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How often do you think about your three possible selves?

Today is January 22 and the Navigate the Chaos question to consider is “how often do you think about your three possible selves?” The work of Hazel Rose Markus and Paula Nurius introduced the concept of three possible selves: the ideal self that we would like to become, that we could become, and that we are afraid of becoming.

“To suggest that there is a single self to which one ‘can be true’ or an authentic self that one can know is to deny the rich network of potential that surrounds individuals.” Navigating the chaos and practicing the art of living well involves asking what ‘self’ we want to be.

  • Are you working towards the ideal self that you would like to become?

  • Are you working towards the ideal self that you could become?

  • Are you working towards the deal self that you are afraid of becoming?

Have you asked yourself any of these questions? If this is the first time you are asking yourself these questions how does that make you feel? Which ‘self’ are you working towards: who you would, could, or are afraid of, becoming? Remember, the answer to these questions need to be on your own terms. Ignore what your friends, parents, or others would want you to answer. Whichever version of self you are working on is fine, as long as you have reflected upon the answer and revisit it over time.

Author Joan Didion reflected upon the search for her self and said "I have already lost touch with a couple of people I used to be.” Author Lewis Carroll echoed similar sentiment and noted “It’s no use going back to yesterday, because I was a different person then.” What a beautiful sentiment!

Both Didion and Carroll experienced the transformation, maturation, and development of their ‘self’ over time. They understood what so many who navigate the chaos and practice the art of living well realize, their lives unfold over time and they develop a new self over time. Actors Robert Downey Jr., Daniel Radcliffe, and Danny Trejo each ‘lost touch with people they used to be.’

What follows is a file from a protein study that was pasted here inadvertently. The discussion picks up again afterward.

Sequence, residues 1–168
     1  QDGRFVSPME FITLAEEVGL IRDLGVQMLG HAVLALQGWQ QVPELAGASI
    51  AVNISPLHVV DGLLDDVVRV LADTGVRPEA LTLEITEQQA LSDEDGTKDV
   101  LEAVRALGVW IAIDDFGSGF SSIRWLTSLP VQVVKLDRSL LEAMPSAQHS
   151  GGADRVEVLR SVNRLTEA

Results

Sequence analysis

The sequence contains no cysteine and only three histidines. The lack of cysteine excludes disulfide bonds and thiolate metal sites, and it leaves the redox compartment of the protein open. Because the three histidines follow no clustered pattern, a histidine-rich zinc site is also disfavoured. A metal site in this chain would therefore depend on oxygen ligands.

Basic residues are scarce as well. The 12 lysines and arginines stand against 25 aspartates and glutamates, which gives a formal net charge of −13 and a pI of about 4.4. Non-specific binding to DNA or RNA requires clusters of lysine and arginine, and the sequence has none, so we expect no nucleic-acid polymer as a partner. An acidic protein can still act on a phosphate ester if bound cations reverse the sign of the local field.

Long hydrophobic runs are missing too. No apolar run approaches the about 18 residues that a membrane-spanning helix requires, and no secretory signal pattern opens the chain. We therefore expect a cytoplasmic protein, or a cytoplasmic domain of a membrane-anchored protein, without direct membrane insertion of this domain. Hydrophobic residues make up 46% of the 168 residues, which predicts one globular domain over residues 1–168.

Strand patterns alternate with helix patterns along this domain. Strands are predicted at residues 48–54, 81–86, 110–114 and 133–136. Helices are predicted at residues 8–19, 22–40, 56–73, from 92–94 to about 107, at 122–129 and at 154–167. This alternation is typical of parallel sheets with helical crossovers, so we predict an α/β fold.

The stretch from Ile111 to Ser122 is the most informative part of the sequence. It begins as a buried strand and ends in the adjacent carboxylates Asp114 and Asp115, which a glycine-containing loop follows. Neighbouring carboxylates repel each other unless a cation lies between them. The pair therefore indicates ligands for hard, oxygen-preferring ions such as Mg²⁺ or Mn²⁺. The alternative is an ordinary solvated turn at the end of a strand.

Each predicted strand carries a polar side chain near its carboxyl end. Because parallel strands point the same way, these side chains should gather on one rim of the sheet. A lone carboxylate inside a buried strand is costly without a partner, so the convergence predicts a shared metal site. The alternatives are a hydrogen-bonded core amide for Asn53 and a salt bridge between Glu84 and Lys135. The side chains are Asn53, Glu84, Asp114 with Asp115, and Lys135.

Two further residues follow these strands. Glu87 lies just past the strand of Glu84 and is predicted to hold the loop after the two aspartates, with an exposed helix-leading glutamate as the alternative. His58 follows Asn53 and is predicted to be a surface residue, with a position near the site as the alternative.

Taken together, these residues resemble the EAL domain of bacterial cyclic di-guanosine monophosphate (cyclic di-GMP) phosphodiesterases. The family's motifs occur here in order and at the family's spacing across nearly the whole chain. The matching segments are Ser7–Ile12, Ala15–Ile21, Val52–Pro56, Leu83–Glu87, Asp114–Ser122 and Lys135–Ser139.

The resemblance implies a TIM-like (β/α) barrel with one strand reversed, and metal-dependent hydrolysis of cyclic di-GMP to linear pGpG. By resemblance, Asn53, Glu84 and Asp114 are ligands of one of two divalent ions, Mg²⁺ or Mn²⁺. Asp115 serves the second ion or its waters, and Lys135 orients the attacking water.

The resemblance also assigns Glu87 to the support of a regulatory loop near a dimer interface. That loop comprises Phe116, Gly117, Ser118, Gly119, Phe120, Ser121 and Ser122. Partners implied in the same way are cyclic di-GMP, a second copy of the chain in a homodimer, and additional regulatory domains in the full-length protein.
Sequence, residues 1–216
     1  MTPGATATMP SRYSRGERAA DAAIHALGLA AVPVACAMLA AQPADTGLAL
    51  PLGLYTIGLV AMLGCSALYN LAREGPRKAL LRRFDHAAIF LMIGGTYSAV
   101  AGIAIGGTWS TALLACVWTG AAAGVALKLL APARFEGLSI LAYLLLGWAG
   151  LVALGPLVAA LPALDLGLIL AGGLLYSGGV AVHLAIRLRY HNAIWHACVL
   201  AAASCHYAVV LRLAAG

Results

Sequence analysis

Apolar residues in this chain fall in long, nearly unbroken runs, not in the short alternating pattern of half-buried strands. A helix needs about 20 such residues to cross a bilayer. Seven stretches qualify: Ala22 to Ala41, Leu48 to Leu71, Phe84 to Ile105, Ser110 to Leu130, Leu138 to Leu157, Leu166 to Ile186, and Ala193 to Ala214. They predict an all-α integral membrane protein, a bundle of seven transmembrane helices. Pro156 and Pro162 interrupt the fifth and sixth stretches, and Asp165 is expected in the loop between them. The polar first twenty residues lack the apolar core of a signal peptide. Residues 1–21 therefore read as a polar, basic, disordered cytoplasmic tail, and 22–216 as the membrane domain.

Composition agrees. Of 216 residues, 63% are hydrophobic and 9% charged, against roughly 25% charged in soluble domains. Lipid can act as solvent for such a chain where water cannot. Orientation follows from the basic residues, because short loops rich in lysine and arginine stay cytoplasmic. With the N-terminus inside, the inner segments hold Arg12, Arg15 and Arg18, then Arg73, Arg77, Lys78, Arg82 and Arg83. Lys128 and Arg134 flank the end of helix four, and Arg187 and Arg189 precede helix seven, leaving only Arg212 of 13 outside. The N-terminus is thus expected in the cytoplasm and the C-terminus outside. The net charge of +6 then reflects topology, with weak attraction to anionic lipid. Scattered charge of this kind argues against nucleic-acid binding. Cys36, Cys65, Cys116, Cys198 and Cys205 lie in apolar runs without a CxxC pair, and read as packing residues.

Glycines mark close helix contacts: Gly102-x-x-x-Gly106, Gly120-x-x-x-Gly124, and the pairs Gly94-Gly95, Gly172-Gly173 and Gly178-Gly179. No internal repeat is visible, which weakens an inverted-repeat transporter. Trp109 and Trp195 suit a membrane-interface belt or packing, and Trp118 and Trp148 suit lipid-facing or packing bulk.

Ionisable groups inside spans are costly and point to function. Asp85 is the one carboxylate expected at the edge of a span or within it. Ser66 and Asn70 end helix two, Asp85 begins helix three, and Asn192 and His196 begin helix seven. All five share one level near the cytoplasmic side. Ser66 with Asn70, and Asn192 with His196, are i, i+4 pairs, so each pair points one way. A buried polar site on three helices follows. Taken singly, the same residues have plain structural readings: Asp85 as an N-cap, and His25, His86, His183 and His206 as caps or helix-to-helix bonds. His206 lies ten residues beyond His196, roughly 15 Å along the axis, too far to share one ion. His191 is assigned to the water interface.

Downey engaged in hard partying, reckless behavior, and drug use. He would eventually spend time in jail and rehab; two events that would spell the end of most careers. For Downey, however, he was cast on the television show Ally McBeal seven days after leaving rehab. Billed as the ultimate comeback the once golden boy of Hollywood was ready to show the world he was a changed man.

For a while it worked as he helped increased the show’s ratings. But he continued his previous ways, got arrested two more times, fired from Ally McBeal and hit rock bottom. For the second time in his career he began to tackle his demons. Unfortunately, his legal and drug issues prevented him from getting insurance as an actor. With help from his now wife Susan Levin, and Mel Gibson who cast Downey in a small movie and put himself on the line to get Downey insured, Downey’s second personal turnaround succeeded.

Between 2003 and 2008 Downey appeared in a variety of movies demonstrating to Hollywood that he was reliable and clean for good. In 2008 he appeared in his first Iron Man film which would become a blockbuster. By 2015, he was one of the industry’s highest paid actors.

Daniel Radcliffe is best known for playing Harry Potter in the Harry Potter film series during his adolescence and early adulthood. He has been outspoken about his battle against alcohol addiction throughout much of his adult career. According to Radcliffe “A lot of drinking that happened towards the end of Potter and for a little bit after it finished, it was panic, a little bit not knowing what to do next — not being comfortable enough in who I was to remain sober.”

Sober since 2010, Radcliffe pulled himself out of the darkness of alcohol abuse with the help of close friends, who genuinely cared for his well-being and offered great advice. Upon reflection he said "It took a few years, and it took a couple of attempts. Ultimately, it was my own decision. ... I woke up one morning after a night going, 'This is probably not good.' "

Throughout the '60s, Danny Trejo was in and out of jail and prison in California. He has suggested his physical appearance contributed to his constantly getting into trouble. While serving in San Quentin, he became a champion boxer in that prison's lightweight and welterweight divisions. During this time, Trejo became a member of a 12-step program, which he credits with his success in overcoming drug addiction. In 2011, he recalled that he had been sober for 42 years.

While Trejo was working as a youth drug counselor, a teenage patient asked for his assistance dealing with cocaine problems on the set of Runaway Train (1985). While there, Trejo was offered a job as an extra in the film's prison scenes. Edward Bunker, himself an individual who was formerly incarcerated and at the time a well-respected crime author who was writing the screenplay for the film, recognized Trejo, with whom he had done time at San Quentin and offered him $320 per day to train Eric Roberts, one of the movie's stars, for a boxing scene. Director Andrei Konchalovsky liked Trejo's work and decided to offer him a small role in the film as a boxer.

  • Have you lost touch with people you used to be?

  • How often do you think about the person you would like to become, that you could become, and that you are afraid of becoming?

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